He also taught high school English and drama courses, and started a visual arts program in state prisons.
From his earliest days, Nicholas Shank was immersed in the arts. As a toddler, he pretended to play the piano on an old-fashioned radiator. By his teen years, he had become an accomplished organist who played at the Catholic Church he attended in Biwabik, Minn., and provided piano accompaniment for choral concerts at Horace Mann High School, where he starred in plays and from which he graduated in 1959.
"It was just in him," said his sister Mary Shank Swartz of Minneapolis. "He was a lover of the arts and appreciated all of it -- literature, music, drama and film."
His career took him to high schools and colleges, where he taught English and directed theatrical productions. He started a visual arts program in state prisons and most recently was director of the Katherine E. Nash Gallery at the University of Minnesota.
Shank died of cancer March 26 at Solvay Hospice House in Duluth. He was 69.
He earned an undergraduate degree in English from the University of Minnesota Duluth and did graduate-level work at the University of Minnesota's Twin Cities campus. He taught English and directed plays at Duluth Cathedral High School in the 1960s, then moved to the College of St. Scholastica, also in Duluth.
"He was a wonderful teacher," said Sister Timothy Kirby, former head of Scholastica's Theater Department. "Students enjoyed having him. He was enthusiastic about his work, and he directed plays that were well done."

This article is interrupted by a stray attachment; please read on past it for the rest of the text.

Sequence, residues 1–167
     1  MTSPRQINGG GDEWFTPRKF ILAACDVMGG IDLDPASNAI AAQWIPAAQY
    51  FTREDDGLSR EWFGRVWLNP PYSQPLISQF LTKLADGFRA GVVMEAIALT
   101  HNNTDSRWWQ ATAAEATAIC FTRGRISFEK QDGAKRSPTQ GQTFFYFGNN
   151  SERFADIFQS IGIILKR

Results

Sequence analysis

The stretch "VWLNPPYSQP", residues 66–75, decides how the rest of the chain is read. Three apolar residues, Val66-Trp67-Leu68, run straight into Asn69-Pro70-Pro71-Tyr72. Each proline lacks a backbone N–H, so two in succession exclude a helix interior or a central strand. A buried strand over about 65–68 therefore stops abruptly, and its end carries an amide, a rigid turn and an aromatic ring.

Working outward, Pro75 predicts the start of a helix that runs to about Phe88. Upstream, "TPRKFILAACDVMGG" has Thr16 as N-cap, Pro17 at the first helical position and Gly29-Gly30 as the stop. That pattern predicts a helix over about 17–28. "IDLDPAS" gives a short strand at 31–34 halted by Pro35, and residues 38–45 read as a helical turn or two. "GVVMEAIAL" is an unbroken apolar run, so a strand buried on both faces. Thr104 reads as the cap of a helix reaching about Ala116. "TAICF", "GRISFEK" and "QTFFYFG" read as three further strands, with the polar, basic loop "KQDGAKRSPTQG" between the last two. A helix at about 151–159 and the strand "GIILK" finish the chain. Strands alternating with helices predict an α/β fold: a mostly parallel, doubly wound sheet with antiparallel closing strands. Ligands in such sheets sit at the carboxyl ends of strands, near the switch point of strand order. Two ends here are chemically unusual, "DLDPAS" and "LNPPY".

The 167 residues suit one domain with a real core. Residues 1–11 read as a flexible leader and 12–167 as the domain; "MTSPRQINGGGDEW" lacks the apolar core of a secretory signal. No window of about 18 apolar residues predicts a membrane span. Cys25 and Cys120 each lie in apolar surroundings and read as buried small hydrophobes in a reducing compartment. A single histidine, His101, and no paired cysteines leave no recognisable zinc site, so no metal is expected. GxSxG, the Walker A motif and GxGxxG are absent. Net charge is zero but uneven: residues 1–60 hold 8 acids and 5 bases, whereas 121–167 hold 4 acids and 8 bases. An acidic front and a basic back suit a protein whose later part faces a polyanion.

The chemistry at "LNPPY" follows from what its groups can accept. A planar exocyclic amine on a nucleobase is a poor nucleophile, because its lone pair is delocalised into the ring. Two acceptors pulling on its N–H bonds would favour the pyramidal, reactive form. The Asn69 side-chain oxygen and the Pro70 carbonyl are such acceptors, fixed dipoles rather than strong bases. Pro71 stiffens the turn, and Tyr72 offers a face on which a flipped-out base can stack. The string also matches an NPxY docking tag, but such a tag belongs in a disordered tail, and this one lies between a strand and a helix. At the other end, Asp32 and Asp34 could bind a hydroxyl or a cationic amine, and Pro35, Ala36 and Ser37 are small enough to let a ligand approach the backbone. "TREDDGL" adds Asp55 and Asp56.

Shank also lent his talents to the Minnesota correctional system, where in the 1970s he started a rehabilitation program based in the visual arts, and then worked for the University of Minnesota Film Society, his sister said.
In 1985, Shank joined the University of Minnesota Art Department as an administrative assistant. In that role, he helped to write grants and to move the department into a position to add programs and faculty, said Wayne Potratz, former Art Department director.
"He was a consummate wordsmith and always knew what to say," Potratz said. "He was very dedicated."
Shank was named director of the Nash Gallery when it moved to the U's Regis Center for the Arts in 2003. Even after becoming sick this year, he continued to work half-days preparing for a show featuring works by faculty from all the University of Minnesota campuses scheduled for the fall.
He was on the board of the Twin Cities Fine Arts Association and was a strong supporter of local galleries, said association president Jason Inskip.
Known for his sharp sense of humor, Shank was a voracious reader who loved films and spending time with family and friends. He was most proud of piquing students' interest in the humanities, Shank Swartz said.
In addition to his sister Mary, he is survived by two other sisters, Jean Strah of Shawano, Wis., and Janet Zupetz of Gilbert, Minn.
Services have been held.